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Sam Pitroda: Lifetime Achievement Award 2002
In connecting the remotest corners of India to the world, Pitroda paved the path for propagating IT to the masses. We salute a lifetime marked by rebellion and true visionary zeal
Dataquest
Friday, December 27, 2002

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If there’s one man who built the foundation of the revolution in telephony usage in India in the last two decades of the 20th century, it is Sam Pitroda.

His vision, and his technology, helped connect the people of India—in its far-flung regions and remotest corners, to each other and to the world. When the developed world saw a resource-strained country heading toward a billion people separated by large distances, it saw a tele-density gap nearly impossible to bridge. Looking at the same mammoth problem, Sam Pitroda saw access, not tele-density, as the solution.

He visualized a countrywide network of thousands of phone booths to provide this access. He battled conventional wisdom and lobbies that questioned why impoverished people needed telecom.

Pitroda has been a crusader for long. As a young man, he battled stiff opposition from the ‘roti, kapda aur makaan’ lobby, which was against the concept of a ‘connected’ India. But this young man stood his ground, making the case that telecommunication—along with substantial food, clean water and adequate shelter—was a fundamental component in the process of modernization. The smattering of bright yellow STD PCO boxes in India today, is a manifestation of his efforts.

Timeline: Sam Pitroda, WorldTel
Sam Pitroda was born in Titilagarh Orissa.
He did his schooling from Anand Vallabh Vidyalaya in Gujarat.
He did his Masters in physics and electronics in Baroda.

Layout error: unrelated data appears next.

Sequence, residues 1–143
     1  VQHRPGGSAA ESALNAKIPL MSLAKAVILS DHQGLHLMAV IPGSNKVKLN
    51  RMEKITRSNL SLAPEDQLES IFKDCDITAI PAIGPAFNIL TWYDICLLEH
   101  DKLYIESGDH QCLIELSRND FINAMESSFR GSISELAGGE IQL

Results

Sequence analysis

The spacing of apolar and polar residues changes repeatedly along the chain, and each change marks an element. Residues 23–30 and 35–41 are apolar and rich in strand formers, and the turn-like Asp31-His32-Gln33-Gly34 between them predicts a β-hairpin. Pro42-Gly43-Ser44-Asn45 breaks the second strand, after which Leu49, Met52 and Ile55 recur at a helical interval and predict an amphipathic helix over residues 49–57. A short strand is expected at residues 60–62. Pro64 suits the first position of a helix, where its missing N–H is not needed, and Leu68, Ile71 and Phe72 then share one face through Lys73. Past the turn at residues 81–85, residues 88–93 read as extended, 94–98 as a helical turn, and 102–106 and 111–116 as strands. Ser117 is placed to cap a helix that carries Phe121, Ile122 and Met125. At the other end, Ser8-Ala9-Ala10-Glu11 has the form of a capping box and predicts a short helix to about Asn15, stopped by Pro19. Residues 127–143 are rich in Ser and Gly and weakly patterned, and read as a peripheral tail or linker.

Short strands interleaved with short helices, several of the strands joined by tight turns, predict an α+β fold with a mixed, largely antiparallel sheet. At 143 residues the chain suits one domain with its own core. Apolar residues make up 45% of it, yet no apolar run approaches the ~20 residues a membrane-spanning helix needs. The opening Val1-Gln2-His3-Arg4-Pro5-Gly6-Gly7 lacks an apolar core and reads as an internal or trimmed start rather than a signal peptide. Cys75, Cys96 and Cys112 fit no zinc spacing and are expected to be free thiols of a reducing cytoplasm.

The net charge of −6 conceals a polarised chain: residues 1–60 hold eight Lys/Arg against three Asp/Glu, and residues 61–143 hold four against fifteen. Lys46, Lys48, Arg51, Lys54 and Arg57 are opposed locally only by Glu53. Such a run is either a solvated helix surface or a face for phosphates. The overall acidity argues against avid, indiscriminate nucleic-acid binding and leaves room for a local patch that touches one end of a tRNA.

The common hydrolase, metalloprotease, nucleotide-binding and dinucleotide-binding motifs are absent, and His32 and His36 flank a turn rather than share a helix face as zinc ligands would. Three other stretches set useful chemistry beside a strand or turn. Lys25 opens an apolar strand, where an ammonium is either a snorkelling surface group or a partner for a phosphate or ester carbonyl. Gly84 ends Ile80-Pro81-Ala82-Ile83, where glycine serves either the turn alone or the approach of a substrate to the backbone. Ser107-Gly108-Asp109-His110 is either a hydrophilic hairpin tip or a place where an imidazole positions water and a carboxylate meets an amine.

In the mid 60s, he went to the US and did his masters in electrical engineering.
In 1966, he got a job in GTE, Chicago, which focussed on digital communications.
In 1974, he left GTE and started his own company called Wescom Switching in Chicago, which was sold to Rockwell International six years later.
He joined Rockwell where he was head of telecom and stayed with Rockwell for three years.
In 1981, Pitroda returned to India and founded the Center for Development of Telematics in 1984.
In 1987 he became Chief Technology Advisor to the late Prime Minister Rajeev Gandhi.
In 1989 he was elected first chairman of India’s Telecom Commission, where he was responsible for all aspects of national and international Telecom and over 500 000 employees.
After his stint in India, Pitroda went back to the US and worked on WorldTel, an organization initiated by ITU to help develop telecom infrastructure in developing countries. Currently, he is the chairman of WorldTel.

Pitroda’s tenacity helped create the concept and technology behind the network of ‘STD/PCO’ phone booths across the country, in every village. The 600,000 booths, providing employment for a million people, today dot the remotest regions of India. This model is unique in the world, unparalleled to this day.

The basic technology behind this network was simple and cheap. Created by Pitroda’s team at the Center for Development of Telematics, which he founded in 1984, it was a device that displayed the phone call cost and generated an instant bill at the user’s end, instead of at the telephone exchange. This changed Indian telephony. In revolutionizing the state of telecom in India, he also created a model for other developing nations. Along the way, he also notched up over 50 patents, for digital switching, synchronization, tone generation, tone receiving, conferencing, and 10 of them for m-commerce.